Posts Tagged ‘Aspiration pneumonia’

August 7, 2018

Dear Readers,

I (Teresa Jade LeYung) write to you not as a novelist, theme consultant or found-object artist but as a memoirist, daughter of Mr. Leung, and a witness to joy and despair and a whole lot of kindness.

Papa was doing fine, as fine as a 84-year-old fellow with Parkinson’s Disease (and Diabetes and hypertension) could do. Just four months ago, he was using his walker several times a day … to go from his apartment to the balcony on his floor and to the courtyard in the senior building he lived in.  To show off in the hallway, whenever a caregiver was nearby (and I have photos to prove this), he would abandon the walker and use the handrail to traverse the seventeen feet to the door of his apartment.

On July 19, around 5:00pm while I was away on a writing retreat with two dear friends/colleagues, my sister (who was here for the summer) called me to say that paramedics were taking our father to an E.R.

A few days prior to this one, his caregivers had been reporting (in Cantonese) that our papa  was “looking sad”.  That morning of July 19, caregiver Mrs. G. had reported to my sister that Papa was feeling dizzy.  When my sister called me, my advice to her was to ask questions: “Had Papa eaten breakfast?  Had he been drinking water everyday? What was he doing before feeling dizzy?” He would be seeing his primary care physician that afternoon at 4:00pm … Well, our papa was in no condition to go to the appointment.  His primary care physician instructed my sister to call 9-1-1.

In E.R. and the hospital, our papa was being treated for pneumonia and urinary tract infection.

Pneumonia. When two friends heard the word “pneumonia” they gently prepared me for the worst case scenario. Well, Papa has beat the odds before.

He had aspiration pneumonia (probably caused by food or water going down the windpipe which led to bacteria infection).

And, he was fighting a urinary tract infection.

July 22 (the day that my sister flies home), Papa is transferred to a skilled nursing facility.  He had bounced back before, twice last year – dehydration and falls.  This time is different.

My papa is not Mr. John Pepper (the hero in Chapter 2 “The Man Who Walks Off His Parkinsonian Symptoms” in the book The Brain’s Way of Healing by Norman Doidge, M.D.).  Papa is his own hero, winning smile, flaws and all.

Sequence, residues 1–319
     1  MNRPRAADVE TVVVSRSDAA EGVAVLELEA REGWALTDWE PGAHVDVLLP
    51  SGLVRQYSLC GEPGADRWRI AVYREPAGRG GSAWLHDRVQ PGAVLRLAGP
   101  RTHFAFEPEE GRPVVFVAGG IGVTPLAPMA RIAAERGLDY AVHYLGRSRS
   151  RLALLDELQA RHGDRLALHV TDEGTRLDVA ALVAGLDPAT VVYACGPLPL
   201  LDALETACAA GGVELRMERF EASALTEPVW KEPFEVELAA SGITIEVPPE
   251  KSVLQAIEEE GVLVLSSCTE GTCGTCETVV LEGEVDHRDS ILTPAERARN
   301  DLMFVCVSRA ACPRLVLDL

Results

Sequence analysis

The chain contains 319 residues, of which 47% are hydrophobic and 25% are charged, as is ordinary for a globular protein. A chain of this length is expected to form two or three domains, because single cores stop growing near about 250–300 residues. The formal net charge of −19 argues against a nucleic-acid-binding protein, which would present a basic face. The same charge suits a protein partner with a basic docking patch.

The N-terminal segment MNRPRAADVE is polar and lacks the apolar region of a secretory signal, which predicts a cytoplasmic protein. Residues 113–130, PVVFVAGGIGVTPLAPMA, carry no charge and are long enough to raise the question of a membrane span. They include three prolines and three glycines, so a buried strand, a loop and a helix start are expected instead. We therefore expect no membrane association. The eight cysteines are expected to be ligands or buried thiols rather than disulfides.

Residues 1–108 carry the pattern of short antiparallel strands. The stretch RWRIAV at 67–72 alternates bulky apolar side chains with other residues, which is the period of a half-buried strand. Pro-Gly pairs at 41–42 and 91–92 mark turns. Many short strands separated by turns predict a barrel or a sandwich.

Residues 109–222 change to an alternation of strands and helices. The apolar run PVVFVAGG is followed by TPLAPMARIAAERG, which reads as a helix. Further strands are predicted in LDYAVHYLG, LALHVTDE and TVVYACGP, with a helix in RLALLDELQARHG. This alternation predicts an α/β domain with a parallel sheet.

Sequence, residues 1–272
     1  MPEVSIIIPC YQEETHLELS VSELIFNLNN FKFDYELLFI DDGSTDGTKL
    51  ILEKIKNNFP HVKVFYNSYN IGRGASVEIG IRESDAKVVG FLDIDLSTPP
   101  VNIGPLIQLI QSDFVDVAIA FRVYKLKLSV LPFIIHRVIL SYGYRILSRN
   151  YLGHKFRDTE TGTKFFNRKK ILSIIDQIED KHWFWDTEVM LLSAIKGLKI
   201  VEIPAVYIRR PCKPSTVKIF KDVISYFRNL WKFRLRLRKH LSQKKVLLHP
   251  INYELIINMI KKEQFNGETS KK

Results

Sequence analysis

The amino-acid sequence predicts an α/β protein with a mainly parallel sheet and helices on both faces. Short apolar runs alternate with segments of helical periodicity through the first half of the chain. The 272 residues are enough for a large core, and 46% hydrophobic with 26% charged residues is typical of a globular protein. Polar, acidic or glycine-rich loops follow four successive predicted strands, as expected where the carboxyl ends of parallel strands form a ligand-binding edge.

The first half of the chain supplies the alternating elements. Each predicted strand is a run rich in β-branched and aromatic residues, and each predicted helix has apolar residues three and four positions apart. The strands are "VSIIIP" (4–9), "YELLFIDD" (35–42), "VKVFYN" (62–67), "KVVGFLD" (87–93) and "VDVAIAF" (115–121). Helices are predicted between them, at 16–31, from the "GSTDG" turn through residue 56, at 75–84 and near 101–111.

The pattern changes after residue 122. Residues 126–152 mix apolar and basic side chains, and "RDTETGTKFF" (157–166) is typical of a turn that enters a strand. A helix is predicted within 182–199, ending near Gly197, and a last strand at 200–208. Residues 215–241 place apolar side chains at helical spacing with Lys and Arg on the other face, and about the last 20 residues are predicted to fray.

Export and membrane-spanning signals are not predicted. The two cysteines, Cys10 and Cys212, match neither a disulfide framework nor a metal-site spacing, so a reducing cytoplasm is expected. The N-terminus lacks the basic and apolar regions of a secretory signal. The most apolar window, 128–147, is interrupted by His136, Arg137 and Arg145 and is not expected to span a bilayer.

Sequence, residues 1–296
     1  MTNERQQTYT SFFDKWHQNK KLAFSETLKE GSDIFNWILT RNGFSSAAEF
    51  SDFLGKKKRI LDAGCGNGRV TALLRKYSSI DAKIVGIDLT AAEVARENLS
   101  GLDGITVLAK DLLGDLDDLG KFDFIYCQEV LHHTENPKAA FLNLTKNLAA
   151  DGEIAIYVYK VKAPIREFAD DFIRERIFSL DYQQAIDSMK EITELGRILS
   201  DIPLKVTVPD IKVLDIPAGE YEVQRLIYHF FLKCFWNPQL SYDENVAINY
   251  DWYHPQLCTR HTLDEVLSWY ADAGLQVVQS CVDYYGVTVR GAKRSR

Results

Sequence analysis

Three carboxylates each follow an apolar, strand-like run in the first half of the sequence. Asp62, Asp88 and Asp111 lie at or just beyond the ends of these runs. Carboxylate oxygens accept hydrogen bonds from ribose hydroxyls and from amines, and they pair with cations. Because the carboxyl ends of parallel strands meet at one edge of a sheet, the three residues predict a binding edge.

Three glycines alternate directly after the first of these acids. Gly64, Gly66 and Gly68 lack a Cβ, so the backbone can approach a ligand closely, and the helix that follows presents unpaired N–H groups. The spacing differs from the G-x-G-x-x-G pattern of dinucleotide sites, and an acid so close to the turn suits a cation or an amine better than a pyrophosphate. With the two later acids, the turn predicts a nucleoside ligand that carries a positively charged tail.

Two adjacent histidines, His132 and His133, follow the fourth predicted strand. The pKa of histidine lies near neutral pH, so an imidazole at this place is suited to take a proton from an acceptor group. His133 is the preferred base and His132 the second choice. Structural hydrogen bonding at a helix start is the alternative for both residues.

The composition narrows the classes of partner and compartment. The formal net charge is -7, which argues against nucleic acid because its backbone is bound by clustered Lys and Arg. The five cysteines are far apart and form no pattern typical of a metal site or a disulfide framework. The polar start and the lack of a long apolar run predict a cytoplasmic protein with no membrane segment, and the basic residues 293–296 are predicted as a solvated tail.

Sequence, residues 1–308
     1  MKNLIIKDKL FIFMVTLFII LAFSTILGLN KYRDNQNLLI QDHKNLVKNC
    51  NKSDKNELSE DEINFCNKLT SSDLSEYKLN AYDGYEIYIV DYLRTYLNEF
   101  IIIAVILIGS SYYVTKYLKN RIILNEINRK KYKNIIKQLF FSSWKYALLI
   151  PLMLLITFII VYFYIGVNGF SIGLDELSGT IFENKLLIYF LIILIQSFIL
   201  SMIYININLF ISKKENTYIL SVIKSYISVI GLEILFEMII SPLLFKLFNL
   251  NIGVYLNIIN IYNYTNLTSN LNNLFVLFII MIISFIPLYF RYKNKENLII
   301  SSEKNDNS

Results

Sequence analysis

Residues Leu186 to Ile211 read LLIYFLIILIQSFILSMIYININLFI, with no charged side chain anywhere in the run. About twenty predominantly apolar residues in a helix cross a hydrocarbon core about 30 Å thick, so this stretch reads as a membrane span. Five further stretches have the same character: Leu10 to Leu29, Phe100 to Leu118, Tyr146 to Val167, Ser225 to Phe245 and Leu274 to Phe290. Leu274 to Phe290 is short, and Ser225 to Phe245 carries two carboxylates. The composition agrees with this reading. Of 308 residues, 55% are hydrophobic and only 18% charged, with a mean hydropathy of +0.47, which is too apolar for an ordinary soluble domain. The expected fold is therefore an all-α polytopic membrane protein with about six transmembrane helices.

Papa Makes Decision “Where Do I Go Now?”  After Hospitalization.  While In Skilled Nursing Rehabilitation.

August 7, I asked the Director of Social Services at the skilled nursing facility where Papa was at…

“Could we please have a meeting, with a Cantonese-speaking interpreter, so that my father can hear in his native language…what his choices are when he is discharged? I want him to make his own decision. He’s been asking me to help him go home. He needs to understand what is happening.”

Miracles involving my father also involves the ticking of a clock.

The meeting would take place that afternoon. I asked dear friend Sasa to go with me (I needed someone to witness my role).  The meeting would take place after Papa has his lunch and before my friend would need to leave at 2pm.

Staff members at this institution are pulled in various directions during a work day. The Director of Social Services was most accommodating.  Sasa and I arrived at 12:30, patients were waiting for lunch which was served later than usual today.  1:00pm  Papa’s puree and “controlled carbs” meal arrived (looks delicious, really).

At 1:40pm all the characters for the scene were in place – Papa; director of social services; interpreter who is also activities director; my friend Sasa; Papa’s caregiver Mrs. G who was visiting; and me.

What are the 3 options when skilled nursing facility discharges Papa?

  • Go home? He was receiving 5 hours/day of care through IHSS. He now needs 24-hour care.  Who will pay for the 19 hours each day? His monthly income from Social Security is approximately $1,000; $300 of that goes to paying rent of a studio apartment in a senior housing; the balance pays for food, hygiene products, telephone, TV, SF Paratransit. My sister and I can contribute up to $700/month. Care-giving costs $35-$40/hour; most agencies want a 4-hour minimum each day; our $700/month would buy approximately 18 hours.
  • **
  • Accept a Medi-Cal bed in a nursing home for long-term care. (If Papa were to private pay, the cost of nursing home care would be more than $300/day.)  Because he has Medi-Cal (thank God), he would authorize Social Security to transfer his monthly income to the nursing home. http://www.canhr.org/factsheets/medi-cal_fs/html/fs_medcal_overview.htm Medi-Cal is a combined federal and California State program designed to help pay for medical care for public assistance recipients and other low-income persons. There are 3 of these beds (vacancies) in the facility right now, on the nursing home floors.
  • **
I watched my papa’s face evaluating the 3 options.  I heard him answer in Cantonese “I want long-term care here.”
My blog post 2 of 3 shall be about what happened that afternoon, what life looks like on the nursing home floor, what to do before the 90-day evaluation.

**

The Michael J. Fox Foundation  www.michaeljfox.org

https://www.michaeljfox.org/foundation/news-detail.php?swallowing-and-parkinson-disease  In addition to the classic motor symptoms of Parkinson’s (tremor, slowness, stiffness, walking and/or balance problems), a person may develop changes in speech and/or swallowing.  Speech and swallowing therapy exercises, combined with Parkinson’s medication adjustment and, if necessary, dietary and/or behavioral modifications are the mainstays of management.